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Probation officer says she didn't sleep through text messages

TAMPA — She prays a lot. She says she has God on her side. But Pamyla Crompton still cries when she thinks about what people are saying about her.

The last thing she wanted was a 19-year-old woman to be raped.

Crompton, the former probation officer accused of ignoring text message alerts indicating that convicted rapist Tommy Lee Sailor was on the move Jan. 1, said in an exclusive interview with the St. Petersburg Times that she did everything she could that morning.

"I'm not a liar," she said Tuesday as she wiped away tears. "I wouldn't do anything wrong. I loved that job, and I really worked hard."

She said she didn't sleep through the text alerts.

Still, the department's internal investigation concluded she lied about when she received the messages about Sailor, the man police say raped and threatened to kill a woman he had picked up that night at a South Tampa bar.

A summary of that investigation was released last week, and the full report was made public Tuesday. The department was not able to determine when she actually received the text alerts. But it found she gave conflicting accounts to a Tampa police officer and to her supervisor. She resigned in June.

The investigation led to changes statewide in how Department of Corrections employees handle the alerts.

Crompton, 39, was hired as a probation officer in 1994. She helped get bus passes, job interviews and dress clothes for those on probation so they could re-enter society.

One week a month she was on call, which meant she was responsible for about 60 people during off hours. If a parolee's ankle monitor malfunctioned, or if he cut it or left the area he was required to stay within, she would check on him.

Sometimes that could be accomplished with a quick phone call or a message sent to the individual's monitor. If those didn't work, she'd have to drive to the person's home. Sometimes she'd call police.

On New Year's Eve, she was on call. That meant no drinking, so she said she didn't. She and her husband ate wings and watched fireworks from their window. She got into her pajamas, crawled into bed and watched New Year's Rockin' Eve on television.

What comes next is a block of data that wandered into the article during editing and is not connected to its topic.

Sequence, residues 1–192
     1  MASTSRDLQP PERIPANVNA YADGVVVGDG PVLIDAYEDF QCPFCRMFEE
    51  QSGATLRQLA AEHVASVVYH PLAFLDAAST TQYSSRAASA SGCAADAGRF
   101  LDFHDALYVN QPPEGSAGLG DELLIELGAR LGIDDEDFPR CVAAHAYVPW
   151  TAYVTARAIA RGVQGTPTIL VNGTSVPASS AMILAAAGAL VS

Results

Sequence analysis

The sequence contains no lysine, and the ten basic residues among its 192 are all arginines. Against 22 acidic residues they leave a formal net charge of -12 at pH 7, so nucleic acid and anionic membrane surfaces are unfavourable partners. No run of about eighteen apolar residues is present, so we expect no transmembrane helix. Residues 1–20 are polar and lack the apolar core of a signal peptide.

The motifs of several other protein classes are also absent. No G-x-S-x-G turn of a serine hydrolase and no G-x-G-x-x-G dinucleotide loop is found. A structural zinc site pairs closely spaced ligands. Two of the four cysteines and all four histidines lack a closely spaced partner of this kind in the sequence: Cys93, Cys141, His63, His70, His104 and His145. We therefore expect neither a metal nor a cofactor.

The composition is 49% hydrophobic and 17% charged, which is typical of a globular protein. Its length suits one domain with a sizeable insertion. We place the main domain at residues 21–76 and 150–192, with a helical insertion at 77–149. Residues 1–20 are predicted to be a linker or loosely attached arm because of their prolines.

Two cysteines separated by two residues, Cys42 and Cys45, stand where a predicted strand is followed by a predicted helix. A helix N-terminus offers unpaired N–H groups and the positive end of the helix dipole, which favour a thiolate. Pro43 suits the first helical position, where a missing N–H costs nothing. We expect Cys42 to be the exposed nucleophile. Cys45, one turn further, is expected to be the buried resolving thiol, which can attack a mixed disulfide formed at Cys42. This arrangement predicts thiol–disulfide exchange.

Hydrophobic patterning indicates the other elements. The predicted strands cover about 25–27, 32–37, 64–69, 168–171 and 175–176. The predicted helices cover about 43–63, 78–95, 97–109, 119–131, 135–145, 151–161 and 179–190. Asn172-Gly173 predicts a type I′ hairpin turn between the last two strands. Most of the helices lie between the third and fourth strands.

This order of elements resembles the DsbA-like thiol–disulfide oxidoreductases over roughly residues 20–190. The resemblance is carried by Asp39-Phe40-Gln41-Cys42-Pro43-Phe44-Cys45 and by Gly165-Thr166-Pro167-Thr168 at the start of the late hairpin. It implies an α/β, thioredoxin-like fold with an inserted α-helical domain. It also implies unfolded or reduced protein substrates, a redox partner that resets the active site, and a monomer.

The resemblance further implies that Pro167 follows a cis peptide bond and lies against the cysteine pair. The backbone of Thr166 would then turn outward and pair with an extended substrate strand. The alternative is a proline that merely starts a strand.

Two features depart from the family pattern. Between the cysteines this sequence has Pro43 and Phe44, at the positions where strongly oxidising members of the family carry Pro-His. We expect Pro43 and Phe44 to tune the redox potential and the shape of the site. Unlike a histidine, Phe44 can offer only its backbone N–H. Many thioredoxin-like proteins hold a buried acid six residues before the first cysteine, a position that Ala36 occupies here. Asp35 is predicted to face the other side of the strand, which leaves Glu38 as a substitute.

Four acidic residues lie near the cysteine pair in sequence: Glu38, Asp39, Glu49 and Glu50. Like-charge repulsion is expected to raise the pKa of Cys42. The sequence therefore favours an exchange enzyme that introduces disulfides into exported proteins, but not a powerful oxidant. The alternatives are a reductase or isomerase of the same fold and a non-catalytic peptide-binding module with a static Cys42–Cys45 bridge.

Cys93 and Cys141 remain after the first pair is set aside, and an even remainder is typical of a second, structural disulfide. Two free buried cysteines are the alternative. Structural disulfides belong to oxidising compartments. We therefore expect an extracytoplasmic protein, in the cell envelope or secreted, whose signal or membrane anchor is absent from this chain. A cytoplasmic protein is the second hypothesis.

She says she got an alert about another parolee shortly after midnight, and she messaged him through the Pro Tech monitoring system on her laptop at home. She thinks she dozed off between 1 a.m. and 2 a.m.

That means she would have been awake when Pro Tech said it sent out the first message about Sailor. That was at 12:47 a.m.

The company sent out another at 1:59 a.m. She says she didn't get that, either.

Instead, she said, a loud chirping noise woke her at 4:54 a.m., notifying her of several alerts that she said came in all at once.

She deleted the messages — which, she said, is her usual procedure since she receives so many. Verizon, the service provider to her phone, didn't cooperate with the investigation, said corrections department spokeswoman Gretl Plessinger.

Nonetheless, an investigator concluded she lied.

A report states that when Crompton arrived at Sailor's home, she told a Tampa police officer she had received a text alert about Sailor at 2 a.m. That differs with what she told her supervisor — that she received all the alerts at 4:54 a.m.

Crompton said Tuesday the police officer must be mistaken. And she's not sure why the investigator would take his word over hers.

She says she was never interviewed by the investigator. However, through Plessinger, the investigator said his records indicate he called Crompton and asked for a Feb. 22 interview.

She was on medical leave at that time. "I told him that I couldn't make any statements while I was on medical leave," she said. She said she wasn't contacted after that.

The report also states that Crompton told her supervisor that immediately after receiving the alert about Sailor, she logged into the Pro Tech monitoring system to send a message to his monitor, asking him to contact her.

However, the Pro Tech system shows she didn't log in until 4 minutes after she arrived at his house at 5:29 a.m.

She said there must be a discrepancy in the time she arrived at Sailor's house — that she's sure she tried to contact him before going there.

Sailor, who is charged with raping the 19-year-old woman while threatening her with a screwdriver, is scheduled for a hearing Tuesday.

Five days after the Department of Correction inquiry was closed, Crompton resigned.

She said Tuesday it was for medical reasons, and that she wants to clear her name.

Probation officer says she didn't sleep through text messages 07/13/10 [Last modified: Wednesday, July 14, 2010 12:19am]

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